Food & Drink

The bars taking sherry cocktails to the next level

By August 29, 2017 No Comments

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When you think of essential cocktail ingredients, whiskey, rum, and vodka top the list. But Spanish sherry, from manzanilla to Pedro Ximenez, was once the go-to spirit in bars across Europe and the US, and starred in some of the tastiest cocktails of the 19th century.

As the primary spirit in tipples and cobbler recipes from legends like Professor Jerry Thomas, sherry changed the way we drink alcohol. According to cocktail historian Paul Clarke, “One of the great innovations in mixology took place around the 1880s, when vermouth, sherry, and other fortified wines were mixed into ‘ancestrals’ [early cocktails] to subdue the alcohol’s bite and to add complexity of flavour.”

Before bartenders had easy access to exotic mixers and ingredients like bitters, syrups, mint and juice, barkeeps relied on the complexity of the spirits themselves to delight patrons. In the Golden Age of cocktails, tipples, toddies, flips, punches, and cobblers ruled the day—and sherry drove them all.

The Sherry Cobbler (sherry, sugar, ice, orange slice) was one of the first mixed drinks. It appeared in Jerry Thomas’ 1862 cocktail bible, The Bon-Vivants Companion, and was part of the new generation of mixed drinks that inspired bartenders (and bar lovers) to embrace more complicated cocktails.

Sherry fell into disuse during the creative cocktail blight of the 1970’s and 80s, but today the classic cocktail is back, and bartenders everywhere are pulling sherry off their grandmother’s shelf and putting it back where it belongs—in your glass.

Sherry adds a “savoury complexity to classic cocktails,” says Talia Baiocchi, author of Sherry: A Modern Guide to the Wine World’s Best-kept Secret. “Sherry is finally being understood as both a table wine and an element that can make a cocktail more complex.” Fino and manzanilla add brightness and brine, PX gives depth and richness; amontillado and oloroso provide nutty acidity and dried citrus.

Enjoy a taste of cocktail history at these innovative bars serving sherry the way it was meant to be enjoyed:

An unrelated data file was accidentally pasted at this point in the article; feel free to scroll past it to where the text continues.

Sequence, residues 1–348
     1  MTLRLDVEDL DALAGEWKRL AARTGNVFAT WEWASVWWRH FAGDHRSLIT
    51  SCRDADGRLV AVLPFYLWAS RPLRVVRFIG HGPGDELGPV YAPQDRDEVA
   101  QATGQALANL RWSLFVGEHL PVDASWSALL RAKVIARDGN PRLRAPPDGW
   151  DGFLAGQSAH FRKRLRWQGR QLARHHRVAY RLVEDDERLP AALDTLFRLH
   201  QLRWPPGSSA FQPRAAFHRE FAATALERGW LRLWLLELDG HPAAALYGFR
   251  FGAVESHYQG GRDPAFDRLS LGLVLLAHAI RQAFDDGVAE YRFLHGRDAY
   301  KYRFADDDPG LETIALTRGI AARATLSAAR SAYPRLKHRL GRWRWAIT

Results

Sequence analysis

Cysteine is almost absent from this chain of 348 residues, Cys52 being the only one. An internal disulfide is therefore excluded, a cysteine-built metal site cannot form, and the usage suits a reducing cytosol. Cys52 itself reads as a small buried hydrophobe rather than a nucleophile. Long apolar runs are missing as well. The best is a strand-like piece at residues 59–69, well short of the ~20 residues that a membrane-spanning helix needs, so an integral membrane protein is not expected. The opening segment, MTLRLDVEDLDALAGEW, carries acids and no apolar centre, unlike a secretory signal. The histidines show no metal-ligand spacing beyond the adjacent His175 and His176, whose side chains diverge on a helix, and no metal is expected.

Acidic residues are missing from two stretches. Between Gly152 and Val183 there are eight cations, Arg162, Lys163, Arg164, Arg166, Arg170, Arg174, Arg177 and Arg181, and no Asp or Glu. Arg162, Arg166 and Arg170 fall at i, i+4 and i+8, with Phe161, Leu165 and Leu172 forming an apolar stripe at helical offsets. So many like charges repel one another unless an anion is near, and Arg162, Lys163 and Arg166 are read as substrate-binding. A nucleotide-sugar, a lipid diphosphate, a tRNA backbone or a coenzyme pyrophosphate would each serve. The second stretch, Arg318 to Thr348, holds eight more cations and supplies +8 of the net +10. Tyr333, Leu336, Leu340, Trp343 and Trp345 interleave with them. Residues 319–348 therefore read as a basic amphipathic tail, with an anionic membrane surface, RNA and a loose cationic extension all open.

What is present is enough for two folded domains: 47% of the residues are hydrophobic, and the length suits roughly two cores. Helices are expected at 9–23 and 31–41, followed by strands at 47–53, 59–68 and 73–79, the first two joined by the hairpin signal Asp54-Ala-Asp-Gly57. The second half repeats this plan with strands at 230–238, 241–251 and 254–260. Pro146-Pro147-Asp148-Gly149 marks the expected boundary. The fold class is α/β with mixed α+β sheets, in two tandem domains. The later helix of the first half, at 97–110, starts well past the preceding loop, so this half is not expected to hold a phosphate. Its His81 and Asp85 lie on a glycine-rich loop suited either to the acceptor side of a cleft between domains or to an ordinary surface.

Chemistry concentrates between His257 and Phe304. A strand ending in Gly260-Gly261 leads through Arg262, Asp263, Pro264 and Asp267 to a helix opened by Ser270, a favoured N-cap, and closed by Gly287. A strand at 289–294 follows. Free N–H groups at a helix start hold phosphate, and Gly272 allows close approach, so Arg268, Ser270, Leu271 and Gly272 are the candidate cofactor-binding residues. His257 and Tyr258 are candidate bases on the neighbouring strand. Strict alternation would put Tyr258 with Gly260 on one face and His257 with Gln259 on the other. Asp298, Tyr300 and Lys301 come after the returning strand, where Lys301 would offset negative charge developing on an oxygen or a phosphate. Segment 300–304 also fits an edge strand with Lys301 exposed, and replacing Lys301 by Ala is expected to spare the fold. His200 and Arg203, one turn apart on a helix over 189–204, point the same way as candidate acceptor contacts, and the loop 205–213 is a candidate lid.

Best sherry bars in… Barcelona: Viblioteca & Monvínic

Literally meaning “wine library,” Viblioteca is the perfect place to discover a passion for traditional Spanish sherry. The constantly rotating selection, educational classes, and a focus on wine cocktails makes the experience accessible to sherry lovers and newbies alike. Take advantage of the stellar sherry selection and get back to basics with great the “Bamboo Cocktail”, the classic mix of dry vermouth and sherry.

Meanwhile, the restaurant/education centre Monvínic is bringing sherry into the 21st century. Featuring hundreds of wines on an iPad wine list, regionally specialised sommeliers do all the serving. Dive into Andalusian sherry, with cutting edge tech and impeccable taste.

For more recommendations in Barcelona, ask our local experts at Hotel Indigo Barcelona – Plaza Catalunya.

Best sherry bars in… London: Peg+Patriot

Try the award-winning “Young Cuban” cocktail at the Peg + Patriot: Bacardi, lemon juice, orgeat, fino sherry, and 4 sprigs of dill. It will change the way you look at fino sherry.

Best sherry bars in… Helsinki: Trilby & Chadwick

Steeped in history, the speakeasy Trilby & Chadwick is like a callback to a London private detective agency from the 19th century, making it quite possibly the perfect setting for Sherry-infused cocktails. Sample the “Mr. Bukowski”, made with Ron Zacapa, Punt e Mes vermouth, Pedro Ximénez sherry, maraschino liqueur and Angostura bitters.

Best sherry bars in… Rome: Stravinkij Bar

The Stravinkij Bar is a stylish watering hole with deep armchairs, luscious sherry-infused drinks, and a rich history. Raise your sherry glass to drinking alums like Picasso and Cocteau. Made with Fino sherry, Cinzano Rossi vermouth, and orange bitters, the “Adonis” goes perfectly with the luxurious interior.

Best sherry bars in… Paris: Le Sherry Butt

At the bleeding edge of chic, Le Sherry Butt serves unique cocktail fusions like the “Shimbashi” (fino sherry and Japanese whiskey). Pull up a chair for a glimpse at the future of the sherry revival.

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